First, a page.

Dr. Raj … on How Does Your Mood Impact Your Love Life?
Do you and your significant other tend to have the same sorts of arguments again and again? Maybe he works long hours or overspends or she overschedules your weekends or is always late. Most relationships do have pressure points like these and theories about why they occur. Perhaps you think he just doesn’t care about spending time with you or his job is way too stressful – or that her chronic lateness is just one more sign of how selfish she is.
The same thing happens over and over and, for some couples, these issues become battlegrounds that shape many of your interactions. Some days and weeks are better than others but the issues are always there; when one or the other of you is in a bad mood or under pressure, the same argument erupts.
Sound familiar? If so, then here is a whole different way to think about what happens and why: These are arguments have less to do with what is happening in the here and now then with what happened way back when. When you have a “reaction” to what your partner says and does (or doesn’t say or do) is shaped by your past. 100% of what we do, including how you think, feel and behave, is built of your biology, your psychology, your social environment and your spiritual life (or lack of one).
That’s not an excuse, it’s an explanation. If a person in your life is treating you badly or fails to hold up his or her end of your agreement, that’s a matter to be dealt with directly (and it’s one I talk about often). However when an issue crops up over and over, there are other factors at play and learning to identify them – which is what I call building self-awareness – is an important first step in building a better relationship (with ourselves and with others).
Self-awareness goes well beyond recognizing yourself in the mirror. It means having a clear perception of your personality, including your strengths, weaknesses, thoughts, beliefs, motivation and emotions. As I see it, self-awareness also means recognizing the Being at the heart of your human nature. The more self-aware you are, the greater the likelihood that you will succeed in all of your goals – including having a happy, healthy relationship.
For example, Lisa grew up in a verbally abusive environment and now tells me that whenever her boyfriend says he’s mildly discontented about something she hears it as criticism. She realizes that she is very sensitive to even constructive feedback. These automatic conditioned responses are wired into her brain as a result of her childhood experiences and they have to be recognized and addressed if she is to have a chance at a happier adulthood. Understanding that she tends to react this way – and discussing with her boyfriend how and why this is so and being clear about her desire to overcome this – is the primary solution.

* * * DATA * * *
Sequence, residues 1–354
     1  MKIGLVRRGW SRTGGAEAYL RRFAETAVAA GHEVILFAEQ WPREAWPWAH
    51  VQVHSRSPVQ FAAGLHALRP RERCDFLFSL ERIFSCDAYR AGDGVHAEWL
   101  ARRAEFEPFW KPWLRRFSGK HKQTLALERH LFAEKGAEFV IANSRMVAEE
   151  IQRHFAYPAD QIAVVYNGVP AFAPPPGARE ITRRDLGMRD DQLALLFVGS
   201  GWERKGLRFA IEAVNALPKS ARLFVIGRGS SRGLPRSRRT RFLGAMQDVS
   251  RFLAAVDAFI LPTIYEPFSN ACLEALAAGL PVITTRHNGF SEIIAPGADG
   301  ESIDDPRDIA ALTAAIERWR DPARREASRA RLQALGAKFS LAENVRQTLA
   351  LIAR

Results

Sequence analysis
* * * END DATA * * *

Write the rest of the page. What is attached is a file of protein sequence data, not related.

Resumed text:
Psychological excitement and injury during our youth leads to conditioning of the mind. As we grow up these early experiences tend to regulate our anxieties and choices. If we want to heal past wounds we must first identify and understand how they show up in our current lives. Once two people know how early experiences influence their CURRENT behavior and strain their relationships then they can work together creating more joy and fulfillment.
We can learn to put our feelings to work for us. Each of us (in every relationship, not just romantic ones) owns a full range of feelings from anger to serenity, from envy to generosity, from hope to fear. The trick is to grasp the emotion – to develop an inner radar in order to identify incoming and outgoing feelings. Only then can we decide how to use this information and respond in an authentic and proactive way.
Asking yourself the following questions will help you cultivate greater self-awareness and gain an understanding of what you bring to the relationship and what you want to get from it. The answers may require some reflection and they may not come easily; I suggest writing each question and answer in a journal and, perhaps, repeating the exercise again in a few weeks to see whether your answers change as your self-awareness grows.
- How available am I?
- What am I looking for?
- What does love mean to me?
- How available is X, based on behavior and not words?
- How does this relationship affect my life?
- Can I accept this person unconditionally?
By the way, I’m a big believer in journaling. I encourage you to buy yourself a notebook or set aside a folder on your smartphone or computer where you can easily and privately record your process toward self-awareness. Choose the format that’s easiest for you to work with. You may want to take brief notes every day or you might prefer to look back at the week and see what potholes you have identified and how you are working to avoid them in the future. The important thing is to make a commitment to journal regularly on your progress – you will be surprised at how helpful doing this can be!